CLEVELAND, Ohio (WJW) — Health problems can seemingly come out of nowhere.
“I ended up on the floor of my bedroom,” said John Potocnik, 73.
For Potocnik, a long-time resident of Mayfield Heights , it was one problem after another.
“But then the next day I fell in the bathroom and my wife said ‘no, we’re not doing this again.’ She said, ‘we’re gonna call the paramedics,’” he said.
Diagnosed with diabetes, an infection of his foot was getting worse and ultimately began to cut off blood circulation. Six surgeries later and amputations of several toes, a second opinion changed his life.
“John was in big trouble,” said Dr. Mehdi Shishehbor of University Hospitals. “He had gangrene.”
Dr. Shishehbor, a cardiologist, is the president of the UH Harrington Heart and Vascular Institute at University Hospitals. He sees as many as 500 patients per year with problems like ulcers and gangrene.
“Ninety-five percent of the patients that are referred to me and have been told that they need a major amputation, losing part of the leg, or the whole leg, we are able to save their leg,” the doctor said.
He credits a unique medical council formed at the hospital.
“We have made a huge commitment here at UH by creating a council; it’s called the limb salvage advisory council,” said Dr. Shishehbor. “Any patient that walks into UH Hospital System…and is at risk of losing their leg that procedure cannot be done until the council is activated.”
The council, combined with skilled techniques, provides patients with access to life-altering care.
“We are the only site here in the state of Ohio that’s offering the LimFlow procedure,” he said. “LimFlow, where we take the blood flow from an artery and divert it to the vain.”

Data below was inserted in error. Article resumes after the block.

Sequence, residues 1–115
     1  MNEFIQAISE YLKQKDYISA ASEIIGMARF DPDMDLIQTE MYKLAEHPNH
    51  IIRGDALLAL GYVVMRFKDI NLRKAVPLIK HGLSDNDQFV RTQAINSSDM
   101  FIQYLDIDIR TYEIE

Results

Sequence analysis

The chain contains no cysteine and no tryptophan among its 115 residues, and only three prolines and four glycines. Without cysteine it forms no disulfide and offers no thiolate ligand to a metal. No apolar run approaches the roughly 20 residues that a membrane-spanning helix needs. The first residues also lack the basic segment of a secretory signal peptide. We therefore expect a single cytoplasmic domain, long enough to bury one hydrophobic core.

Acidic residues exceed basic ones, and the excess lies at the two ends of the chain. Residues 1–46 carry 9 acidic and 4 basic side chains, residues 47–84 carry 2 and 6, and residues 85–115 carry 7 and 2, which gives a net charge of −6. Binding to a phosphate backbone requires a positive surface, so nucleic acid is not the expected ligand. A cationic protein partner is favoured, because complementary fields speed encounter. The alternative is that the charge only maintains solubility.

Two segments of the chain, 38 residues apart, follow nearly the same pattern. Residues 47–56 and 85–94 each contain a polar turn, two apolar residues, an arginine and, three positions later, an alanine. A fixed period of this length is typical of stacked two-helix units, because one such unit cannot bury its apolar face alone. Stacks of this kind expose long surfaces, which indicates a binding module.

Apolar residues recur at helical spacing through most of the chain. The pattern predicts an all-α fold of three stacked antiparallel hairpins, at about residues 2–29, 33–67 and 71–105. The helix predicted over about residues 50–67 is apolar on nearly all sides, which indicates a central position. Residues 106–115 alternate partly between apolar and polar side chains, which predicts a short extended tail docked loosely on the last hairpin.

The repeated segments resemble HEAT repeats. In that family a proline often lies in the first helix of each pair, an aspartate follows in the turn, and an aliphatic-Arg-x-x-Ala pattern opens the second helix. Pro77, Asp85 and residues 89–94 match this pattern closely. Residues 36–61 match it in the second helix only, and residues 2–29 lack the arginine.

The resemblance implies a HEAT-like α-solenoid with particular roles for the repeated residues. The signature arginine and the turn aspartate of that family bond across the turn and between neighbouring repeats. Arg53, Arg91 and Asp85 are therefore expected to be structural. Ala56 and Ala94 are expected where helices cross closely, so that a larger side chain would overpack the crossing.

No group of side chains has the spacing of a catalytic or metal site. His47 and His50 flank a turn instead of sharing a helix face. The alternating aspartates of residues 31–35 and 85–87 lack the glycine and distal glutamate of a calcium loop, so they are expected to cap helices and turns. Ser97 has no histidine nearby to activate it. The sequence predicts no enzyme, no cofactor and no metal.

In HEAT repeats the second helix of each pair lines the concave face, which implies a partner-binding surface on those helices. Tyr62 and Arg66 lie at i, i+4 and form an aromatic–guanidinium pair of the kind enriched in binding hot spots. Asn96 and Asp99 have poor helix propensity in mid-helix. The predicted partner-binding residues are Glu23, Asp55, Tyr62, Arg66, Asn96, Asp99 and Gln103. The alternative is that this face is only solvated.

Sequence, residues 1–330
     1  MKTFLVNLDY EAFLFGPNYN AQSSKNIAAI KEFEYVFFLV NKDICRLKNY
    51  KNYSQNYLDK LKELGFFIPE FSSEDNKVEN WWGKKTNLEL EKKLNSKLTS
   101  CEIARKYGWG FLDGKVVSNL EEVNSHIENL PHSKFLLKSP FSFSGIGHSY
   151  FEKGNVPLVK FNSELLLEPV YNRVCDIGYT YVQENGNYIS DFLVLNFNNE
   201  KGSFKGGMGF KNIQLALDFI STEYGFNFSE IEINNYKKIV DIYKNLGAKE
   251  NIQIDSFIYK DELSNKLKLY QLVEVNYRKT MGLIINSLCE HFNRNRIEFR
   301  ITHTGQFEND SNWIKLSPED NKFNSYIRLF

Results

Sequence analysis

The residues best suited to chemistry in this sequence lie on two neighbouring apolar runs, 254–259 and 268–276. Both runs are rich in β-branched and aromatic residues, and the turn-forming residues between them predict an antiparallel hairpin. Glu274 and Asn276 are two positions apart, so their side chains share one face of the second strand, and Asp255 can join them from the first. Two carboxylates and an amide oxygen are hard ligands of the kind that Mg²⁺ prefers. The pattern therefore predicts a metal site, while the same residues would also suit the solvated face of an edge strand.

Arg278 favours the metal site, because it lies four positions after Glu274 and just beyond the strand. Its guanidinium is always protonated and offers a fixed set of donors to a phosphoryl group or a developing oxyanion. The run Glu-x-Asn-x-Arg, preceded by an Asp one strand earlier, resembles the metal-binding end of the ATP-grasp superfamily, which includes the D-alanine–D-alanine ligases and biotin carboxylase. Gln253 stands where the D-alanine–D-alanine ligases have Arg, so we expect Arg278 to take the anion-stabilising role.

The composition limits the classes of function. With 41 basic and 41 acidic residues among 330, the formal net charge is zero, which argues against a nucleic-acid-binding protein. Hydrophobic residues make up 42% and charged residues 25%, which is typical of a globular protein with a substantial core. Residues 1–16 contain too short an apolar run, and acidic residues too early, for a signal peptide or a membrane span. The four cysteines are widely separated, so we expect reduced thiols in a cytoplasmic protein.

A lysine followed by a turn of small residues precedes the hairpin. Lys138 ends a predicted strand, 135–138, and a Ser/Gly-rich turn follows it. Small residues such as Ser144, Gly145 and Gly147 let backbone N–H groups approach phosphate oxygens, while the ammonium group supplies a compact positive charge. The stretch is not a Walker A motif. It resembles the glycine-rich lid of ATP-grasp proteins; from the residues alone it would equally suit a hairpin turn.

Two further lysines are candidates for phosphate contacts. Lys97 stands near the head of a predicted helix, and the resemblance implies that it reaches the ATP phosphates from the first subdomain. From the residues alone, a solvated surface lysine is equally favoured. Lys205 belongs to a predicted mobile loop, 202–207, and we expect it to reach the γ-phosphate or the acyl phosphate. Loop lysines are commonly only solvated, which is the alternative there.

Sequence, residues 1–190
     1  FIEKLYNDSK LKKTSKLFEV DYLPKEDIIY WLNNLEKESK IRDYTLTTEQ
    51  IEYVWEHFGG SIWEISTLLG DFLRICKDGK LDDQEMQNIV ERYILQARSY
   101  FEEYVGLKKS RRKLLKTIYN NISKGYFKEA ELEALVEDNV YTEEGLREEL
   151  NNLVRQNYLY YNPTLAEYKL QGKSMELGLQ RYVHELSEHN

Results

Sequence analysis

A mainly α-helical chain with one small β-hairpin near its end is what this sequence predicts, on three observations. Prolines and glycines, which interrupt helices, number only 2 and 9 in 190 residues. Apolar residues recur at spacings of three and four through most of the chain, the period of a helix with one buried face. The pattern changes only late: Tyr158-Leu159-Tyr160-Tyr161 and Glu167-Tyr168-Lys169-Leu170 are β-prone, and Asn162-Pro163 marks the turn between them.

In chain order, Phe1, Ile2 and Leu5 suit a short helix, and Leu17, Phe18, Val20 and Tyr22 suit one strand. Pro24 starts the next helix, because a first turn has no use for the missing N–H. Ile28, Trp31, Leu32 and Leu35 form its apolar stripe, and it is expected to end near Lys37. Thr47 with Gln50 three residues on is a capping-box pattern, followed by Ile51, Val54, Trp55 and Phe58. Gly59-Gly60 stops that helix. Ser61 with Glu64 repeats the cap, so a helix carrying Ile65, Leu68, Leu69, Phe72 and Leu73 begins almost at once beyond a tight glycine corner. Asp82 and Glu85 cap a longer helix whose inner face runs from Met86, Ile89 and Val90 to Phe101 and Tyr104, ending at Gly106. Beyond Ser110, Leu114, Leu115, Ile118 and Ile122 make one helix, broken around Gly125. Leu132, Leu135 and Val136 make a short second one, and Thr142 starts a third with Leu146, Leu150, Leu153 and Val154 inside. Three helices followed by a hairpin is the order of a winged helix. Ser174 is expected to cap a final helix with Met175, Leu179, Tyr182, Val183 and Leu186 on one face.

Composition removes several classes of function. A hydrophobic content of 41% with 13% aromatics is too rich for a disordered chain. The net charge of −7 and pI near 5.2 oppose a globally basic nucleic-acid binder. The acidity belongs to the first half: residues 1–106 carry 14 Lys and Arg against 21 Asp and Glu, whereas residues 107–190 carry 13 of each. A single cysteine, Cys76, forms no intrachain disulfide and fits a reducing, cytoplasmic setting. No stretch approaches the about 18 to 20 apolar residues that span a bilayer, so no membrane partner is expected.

Dr. Shishehbor said many of his patients come from a lower socio-economic background and don’t feel like they have the authority to question a doctor’s recommendations even for a procedure as serious as amputation. He said limb salvage does not get as much attention as other conditions.
April is Limb Loss and Limb Difference Awareness Month. According to the Amputee Coalition, more than two million Americans live with limb loss or limb difference, and more than 28 million are at risk of amputation surgery.
Dr. Shishehbor said there is a “huge disparity in amputation. If you’re African-American, you’re four times more likely to get amputated compared to a white patient — same age, everything.”
“We know that if you save limbs, you save lives,” said Dr. Shishehbor. Fifty percent of these patients die within two years if you don’t save their limbs. So, asking patients to get a second and third opinion is extremely important.”
Potocnik received three stents and quickly recovered within weeks after his surgery.
“I have no idea what I would’ve done if it wasn’t for him,” said Potocnik.
He now encourages others to get second medical opinions and credits Dr. Shishehbor for helping him possibly avoid a similar circumstance as his father.
“My father, he had both his legs amputated and that was back in the 90s. Today, I think — did he really need it?” said Potocnik.